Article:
I was working with an old friend and mentor of mine as a freelance footwear designer at that time. He was well established in the shoe biz with over 40 years of experience working for all the top brands as a creative director and designer. We had a great relationship and we still do to this day. When he went independent he used his experience to get design and development contracts with brands. He used my youth and creativity to meet the requirements of those design contracts and it also helped that I was consistently being paid for my work. The arrangement was simple, I would create the drawings, tech packs and blueprints which is experience I had from my days of working at New Balance, K-Swiss, Adidas and Timberland and he would go to china and develop the shoes with his factories.



One day he said to me, I think it’s time you come to china with me and see how all of this works. My first thought was, “sounds great, but I can’t afford that shit”. He said listen, let’s do this…you come up with the plane fare and I will pay for your food and lodging and you can pay it back with 2 months of free design work for one of my clients…without even thinking I said DONE DEAL!!! My next move was to try and get $1200 for a plane ticket, first I asked my parents who were both broke AF. Then I went to this guy who was a donor of my HS back in Florida and he also sat on the board of directors. He owned a massive accounting firm in NYC that was worth millions. I won’t say his name but I’ll just refer to him as AC.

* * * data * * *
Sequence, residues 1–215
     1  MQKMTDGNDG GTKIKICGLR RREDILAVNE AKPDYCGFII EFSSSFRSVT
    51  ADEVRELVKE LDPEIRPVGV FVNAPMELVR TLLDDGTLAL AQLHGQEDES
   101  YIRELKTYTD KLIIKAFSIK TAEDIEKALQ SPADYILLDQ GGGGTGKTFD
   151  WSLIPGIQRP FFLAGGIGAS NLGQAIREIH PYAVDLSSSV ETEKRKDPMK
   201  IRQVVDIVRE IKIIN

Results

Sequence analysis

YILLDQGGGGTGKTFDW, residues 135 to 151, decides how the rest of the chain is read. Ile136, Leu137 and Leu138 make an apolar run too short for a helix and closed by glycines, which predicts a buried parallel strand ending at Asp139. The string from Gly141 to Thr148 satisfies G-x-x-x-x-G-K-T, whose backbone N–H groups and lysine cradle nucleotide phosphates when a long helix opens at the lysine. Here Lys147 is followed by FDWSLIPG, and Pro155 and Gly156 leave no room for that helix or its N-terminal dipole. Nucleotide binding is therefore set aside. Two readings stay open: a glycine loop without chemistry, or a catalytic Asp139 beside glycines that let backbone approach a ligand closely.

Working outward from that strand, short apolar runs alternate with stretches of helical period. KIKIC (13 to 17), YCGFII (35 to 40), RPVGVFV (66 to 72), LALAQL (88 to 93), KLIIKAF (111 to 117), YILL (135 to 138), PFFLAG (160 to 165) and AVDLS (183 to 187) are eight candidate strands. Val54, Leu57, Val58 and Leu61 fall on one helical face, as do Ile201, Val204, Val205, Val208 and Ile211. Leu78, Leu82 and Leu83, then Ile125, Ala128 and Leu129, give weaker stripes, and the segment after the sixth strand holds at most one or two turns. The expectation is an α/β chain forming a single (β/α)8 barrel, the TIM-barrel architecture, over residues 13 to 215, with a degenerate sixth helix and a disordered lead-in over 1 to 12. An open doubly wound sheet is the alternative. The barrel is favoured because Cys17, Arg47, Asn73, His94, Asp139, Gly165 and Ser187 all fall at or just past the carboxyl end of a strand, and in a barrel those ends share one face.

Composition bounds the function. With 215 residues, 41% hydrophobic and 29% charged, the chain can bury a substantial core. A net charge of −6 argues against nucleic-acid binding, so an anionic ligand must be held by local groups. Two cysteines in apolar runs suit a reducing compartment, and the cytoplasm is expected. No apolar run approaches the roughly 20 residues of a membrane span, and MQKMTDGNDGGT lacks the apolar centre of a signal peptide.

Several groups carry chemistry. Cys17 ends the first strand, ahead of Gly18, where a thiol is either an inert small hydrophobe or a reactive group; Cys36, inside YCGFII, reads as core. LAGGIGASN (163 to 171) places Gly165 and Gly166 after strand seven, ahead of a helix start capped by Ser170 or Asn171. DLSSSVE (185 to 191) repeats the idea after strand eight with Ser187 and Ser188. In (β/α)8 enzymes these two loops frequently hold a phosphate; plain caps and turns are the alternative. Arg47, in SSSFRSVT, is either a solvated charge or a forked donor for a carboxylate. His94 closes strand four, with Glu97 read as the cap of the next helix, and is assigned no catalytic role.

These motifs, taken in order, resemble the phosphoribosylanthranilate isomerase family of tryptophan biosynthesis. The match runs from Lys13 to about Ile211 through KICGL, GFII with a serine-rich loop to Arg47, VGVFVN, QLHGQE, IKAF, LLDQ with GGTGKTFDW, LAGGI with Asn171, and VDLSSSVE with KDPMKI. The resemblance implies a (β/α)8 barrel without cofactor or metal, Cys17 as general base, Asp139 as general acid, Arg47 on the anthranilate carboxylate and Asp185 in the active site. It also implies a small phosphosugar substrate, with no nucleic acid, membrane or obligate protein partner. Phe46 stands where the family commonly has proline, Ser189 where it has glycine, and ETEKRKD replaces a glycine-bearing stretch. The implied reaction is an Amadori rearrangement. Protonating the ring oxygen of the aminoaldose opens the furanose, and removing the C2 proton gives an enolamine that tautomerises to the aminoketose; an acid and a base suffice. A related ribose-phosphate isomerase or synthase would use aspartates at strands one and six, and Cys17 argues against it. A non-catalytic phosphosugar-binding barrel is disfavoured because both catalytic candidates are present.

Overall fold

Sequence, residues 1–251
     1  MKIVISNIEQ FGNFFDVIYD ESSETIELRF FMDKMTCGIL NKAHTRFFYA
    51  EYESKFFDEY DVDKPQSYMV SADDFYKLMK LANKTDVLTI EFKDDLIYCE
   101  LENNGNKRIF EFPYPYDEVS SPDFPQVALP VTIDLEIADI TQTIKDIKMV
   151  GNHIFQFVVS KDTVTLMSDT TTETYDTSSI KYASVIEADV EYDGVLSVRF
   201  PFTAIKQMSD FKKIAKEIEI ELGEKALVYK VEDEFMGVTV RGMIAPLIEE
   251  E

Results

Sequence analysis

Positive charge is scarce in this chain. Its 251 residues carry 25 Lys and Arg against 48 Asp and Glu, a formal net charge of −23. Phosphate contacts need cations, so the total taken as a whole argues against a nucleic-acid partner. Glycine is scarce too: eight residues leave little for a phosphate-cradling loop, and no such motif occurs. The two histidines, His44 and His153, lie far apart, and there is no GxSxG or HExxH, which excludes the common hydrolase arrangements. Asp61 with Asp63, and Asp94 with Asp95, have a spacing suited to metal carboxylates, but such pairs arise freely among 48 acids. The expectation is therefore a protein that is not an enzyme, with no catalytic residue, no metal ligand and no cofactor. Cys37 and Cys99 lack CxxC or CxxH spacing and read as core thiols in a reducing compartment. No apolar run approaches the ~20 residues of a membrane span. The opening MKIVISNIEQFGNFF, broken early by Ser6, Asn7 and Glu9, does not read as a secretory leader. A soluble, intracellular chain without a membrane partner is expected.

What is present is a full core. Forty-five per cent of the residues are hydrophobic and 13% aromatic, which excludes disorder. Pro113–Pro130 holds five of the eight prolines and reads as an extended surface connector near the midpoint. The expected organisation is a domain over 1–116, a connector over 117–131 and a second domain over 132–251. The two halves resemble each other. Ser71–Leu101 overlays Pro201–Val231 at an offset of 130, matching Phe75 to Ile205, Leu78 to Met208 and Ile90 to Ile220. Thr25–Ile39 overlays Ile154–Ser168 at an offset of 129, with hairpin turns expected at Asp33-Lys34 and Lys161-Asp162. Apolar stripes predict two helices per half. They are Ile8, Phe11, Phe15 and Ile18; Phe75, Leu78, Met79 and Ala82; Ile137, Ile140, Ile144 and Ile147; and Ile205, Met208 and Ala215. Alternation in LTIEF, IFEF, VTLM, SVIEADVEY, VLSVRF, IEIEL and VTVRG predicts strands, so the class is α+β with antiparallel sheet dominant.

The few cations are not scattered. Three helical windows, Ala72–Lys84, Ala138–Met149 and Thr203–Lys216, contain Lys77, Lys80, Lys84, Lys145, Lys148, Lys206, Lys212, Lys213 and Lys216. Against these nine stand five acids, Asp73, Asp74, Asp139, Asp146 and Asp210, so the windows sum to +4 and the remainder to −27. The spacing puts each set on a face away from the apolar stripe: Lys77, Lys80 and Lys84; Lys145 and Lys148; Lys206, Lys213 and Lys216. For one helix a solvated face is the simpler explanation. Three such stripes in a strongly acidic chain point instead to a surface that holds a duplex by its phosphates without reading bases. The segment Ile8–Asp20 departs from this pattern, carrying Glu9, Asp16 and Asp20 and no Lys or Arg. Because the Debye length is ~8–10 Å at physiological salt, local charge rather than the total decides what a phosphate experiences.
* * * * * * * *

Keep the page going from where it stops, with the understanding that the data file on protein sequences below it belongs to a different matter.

AC supported the school, its students and alumni and i was always able to reach out to him for advance. I wrote him a letter that described the importance of this trip and what it would mean to go to china at this point In my career. I also included references, and a 6 month payment plan on how I would repay him the $1200 with interest. I thought for sure there was no way he could say no, and that’s exactly what he said to me…No! Of course I was pissed and I’m pretty sure at some point I even thought he didn’t like black people or something. It made no sense to me, but I knew I had to move on. I went back to my parents and told them what happened and they were able to give me a few hundred dollars, and then I went to my sisters and friends and was able to collect enough money to buy my plan ticket.

When we arrived to Hong Kong it was late, and after a 16 hour direct flight from NYC the Last thing you want to do is commute even more which is exactly what we had to do. We took a bus from HK to Dongguan which is a 2+ hr bus ride, were you have to cross the boarder from HK to mainland China which is a whole process within itself, but this was all apart of my learning process of how you get things done on this side of the world.